Wednesday, September 28, 2011

Why I Love...Liesel Meminger

"A snowball to the face is surely the perfect beginning to a lasting friendship."
The Book Thief

Most people have no idea who Liesel Meminger is, but those who have read Markus Zusak's The Book Thief  would probably rate her among one of the best characters in the book, if not most books.  For that reason alone, she is my Favorite Character.

Liesel...how do I even describe her?!  She lives in a time and place that most of us would shudder at...Nazi Germany.  After her younger brother's death, her mother sends her to a small town in Germany in order to keep her safe.  She is fostered by Hans and Rosa Hubermann, who happen to live, fittingly, on Himmel Strasse (Heaven Street).  We come to see Liesel and how she interacts with her foster parents and the other citizens in the area.  She even becomes friends with a fist-fighting Jew who hides in her basement.  It is during her time in this town that Liesel develops, or hones, her knack of stealing books.  And she doesn't discriminate who she steals from.  This is such an endearing quality, despite the illegality, especially when her stealing becomes a form of unintentional political statement.

Another aspect that makes this book stand out is that it's narrated by Death.  We get to see Liesel and those who surround her through Death's eyes and this adds something special to it.  Eventually, Death narrates from a distance as Liesel becomes the eyes through which we see.  She develops meaningful relationships with the Hubermann's and with a local boy, Rudy Steiner, who's her age.  Her interactions with Rudy are some of the most loveable, beautiful, and tragic scenes throughout the book.  And there is one specific moment between them that leaves readers speechless.

You go through so many emotions with Liesel throughout The Book Thief that she feels like a part of you.  A long lost friend.  A constant companion.  A child to be protected.  She is all of these things and more.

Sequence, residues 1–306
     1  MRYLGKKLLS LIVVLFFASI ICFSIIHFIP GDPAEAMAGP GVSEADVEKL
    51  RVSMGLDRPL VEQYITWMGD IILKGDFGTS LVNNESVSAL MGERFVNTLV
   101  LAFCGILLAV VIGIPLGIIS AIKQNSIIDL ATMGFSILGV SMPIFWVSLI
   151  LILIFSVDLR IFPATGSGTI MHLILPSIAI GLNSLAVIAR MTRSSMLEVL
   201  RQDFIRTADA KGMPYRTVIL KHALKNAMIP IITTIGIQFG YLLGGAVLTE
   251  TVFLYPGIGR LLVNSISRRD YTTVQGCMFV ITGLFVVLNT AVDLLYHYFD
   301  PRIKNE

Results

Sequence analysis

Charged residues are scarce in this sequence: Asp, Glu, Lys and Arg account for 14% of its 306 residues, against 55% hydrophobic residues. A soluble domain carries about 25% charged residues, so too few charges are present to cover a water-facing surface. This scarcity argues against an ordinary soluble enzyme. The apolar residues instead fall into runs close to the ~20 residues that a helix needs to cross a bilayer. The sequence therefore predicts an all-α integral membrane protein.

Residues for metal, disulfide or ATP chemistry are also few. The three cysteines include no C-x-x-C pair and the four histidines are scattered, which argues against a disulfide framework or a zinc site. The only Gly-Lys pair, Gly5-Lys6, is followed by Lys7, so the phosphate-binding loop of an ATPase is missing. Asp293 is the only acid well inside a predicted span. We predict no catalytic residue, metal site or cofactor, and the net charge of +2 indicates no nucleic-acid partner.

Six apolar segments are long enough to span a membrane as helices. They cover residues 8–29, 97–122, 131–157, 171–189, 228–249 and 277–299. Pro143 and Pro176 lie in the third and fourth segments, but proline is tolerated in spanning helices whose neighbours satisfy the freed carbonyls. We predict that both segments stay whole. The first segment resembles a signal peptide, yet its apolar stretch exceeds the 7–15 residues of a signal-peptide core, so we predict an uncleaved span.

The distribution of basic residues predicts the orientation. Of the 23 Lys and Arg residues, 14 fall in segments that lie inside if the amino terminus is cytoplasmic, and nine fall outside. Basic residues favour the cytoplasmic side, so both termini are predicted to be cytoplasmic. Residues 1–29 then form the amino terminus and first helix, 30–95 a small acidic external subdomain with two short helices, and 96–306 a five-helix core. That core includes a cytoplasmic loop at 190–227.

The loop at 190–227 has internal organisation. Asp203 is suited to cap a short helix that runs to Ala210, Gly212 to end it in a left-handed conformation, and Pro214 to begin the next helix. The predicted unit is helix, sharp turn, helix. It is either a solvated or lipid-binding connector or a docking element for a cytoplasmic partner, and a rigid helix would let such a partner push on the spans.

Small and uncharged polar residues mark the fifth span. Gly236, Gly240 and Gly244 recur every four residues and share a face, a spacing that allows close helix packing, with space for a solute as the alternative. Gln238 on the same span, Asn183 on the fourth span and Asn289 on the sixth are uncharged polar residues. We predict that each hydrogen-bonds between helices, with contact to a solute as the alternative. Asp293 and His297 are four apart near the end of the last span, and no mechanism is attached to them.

"The only thing worse than a boy who hates you:  a boy who loves you."
The Book Thief

Runner-Up (and rightfully deserved)...Severus Snape.  It was so hard for me to not have a tie between these two characters.

Tuesday, September 27, 2011

Teaser Tuesday

Excerpt from Mary Karr's The Liar's Club:  A Memoir ...

"Daddy had instructed me in the virtue of what he called equalizers, which meant not only sticks, boards, and rocks, but having one hell of a long memory for mistreatment.  So I wouldn't hesitate to sneak up blindside and bite a bigger kid who'd gotten the better of me a week before.  To my knowledge, I never slouched off an ass-kicking, even the ones that made me double up and cry" (63).

Friday, September 23, 2011

Cat's Eye...Oy Vey...

Margaret Atwood's Cat's Eye was...was...waaasssss...I don't even know how to describe it.  It just was. 

It took me a bit to get into this book and it took me even longer to finish it.  I can't put my finger on why I didn't enjoy it.  It's not like the book was absolutely terrible (believe me, I've read worse), but for some reason it just didn't grasp my attention or keep my attention.

The novel centers around Elaine, an artist...though she prefers to be called a painter because the term "artist" conjurs up pretension, according to her.  She's come back to Toronto, her hometown, for a gallery show and, while there, she spends her time wandering around the much changed city.  The reader is taken back to her childhood through interspersed chapters and it is these sections that hold the most appeal.  Through these episodes you really get to know what drives Elaine and why she left Toronto in the first place.  Also, Elaine focuses a lot of her reminiscing on Cordelia, a childhood friend, whom she wants to meet up with during her time in Toronto. 

Cordelia is an ever present entity throughout the book.  She pops up all throughout and the reader thinks there might be something brewing towards the end.  Unfortunately that never pans out.  You're kind of left wondering about Cordelia and everything else.  Like what the Cat's Eye really has to do with anything besides being a beloved marble.  It was frustrating and unfulfilling. 



On a more happy note...this weekend proves to be epic!  I'm heading out of town ...well, out of state and across the country really...to attend a wonderful friend's Southern wedding!!!  Congrats to the happy couple and I can't wait to see you both!!!

Wednesday, September 21, 2011

Why I Love...Powell's!

With the recent closing of our local Borders (where I spent a lot of time not only reading, but grading papers and drinking coffee), I have been forced to either frequent used bookshops or venture into ordering my books online.  I've never had a problem with either of these options, but I think that Powell's presents the best of BOTH worlds!  This is why Powell's is my Favorite Book Institution.

Powell's New and Used Bookstore is located in downtown Portland, Oregon and is simply amazing!  Now, the website leaves a lot to the imagination, but let me tell you this place is a treasure trove of awesomness!